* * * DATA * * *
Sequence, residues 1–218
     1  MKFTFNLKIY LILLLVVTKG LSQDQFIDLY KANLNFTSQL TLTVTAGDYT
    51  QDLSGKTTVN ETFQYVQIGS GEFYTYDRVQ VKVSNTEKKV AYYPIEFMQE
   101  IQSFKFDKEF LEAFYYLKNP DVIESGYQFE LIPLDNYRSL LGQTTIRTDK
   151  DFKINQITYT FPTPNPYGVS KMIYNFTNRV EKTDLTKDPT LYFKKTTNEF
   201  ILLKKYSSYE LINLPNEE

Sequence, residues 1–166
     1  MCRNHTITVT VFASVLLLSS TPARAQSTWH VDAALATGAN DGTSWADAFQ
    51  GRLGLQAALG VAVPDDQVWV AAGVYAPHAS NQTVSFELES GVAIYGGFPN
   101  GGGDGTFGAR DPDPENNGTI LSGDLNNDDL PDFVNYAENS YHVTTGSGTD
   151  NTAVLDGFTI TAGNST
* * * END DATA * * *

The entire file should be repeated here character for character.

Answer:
Sequence, residues 1–218
     1  MKFTFNLKIY LILLLVVTKG LSQDQFIDLY KANLNFTSQL TLTVTAGDYT
    51  QDLSGKTTVN ETFQYVQIGS GEFYTYDRVQ VKVSNTEKKV AYYPIEFMQE
   101  IQSFKFDKEF LEAFYYLKNP DVIESGYQFE LIPLDNYRSL LGQTTIRTDK
   151  DFKINQITYT FPTPNPYGVS KMIYNFTNRV EKTDLTKDPT LYFKKTTNEF
   201  ILLKKYSSYE LINLPNEE

Sequence, residues 1–166
     1  MCRNHTITVT VFASVLLLSS TPARAQSTWH VDAALATGAN DGTSWADAFQ
    51  GRLGLQAALG VAVPDDQVWV AAGVYAPHAS NQTVSFELES GVAIYGGFPN
   101  GGGDGTFGAR DPDPENNGTI LSGDLNNDDL PDFVNYAENS YHVTTGSGTD
   151  NTAVLDGFTI TAGNST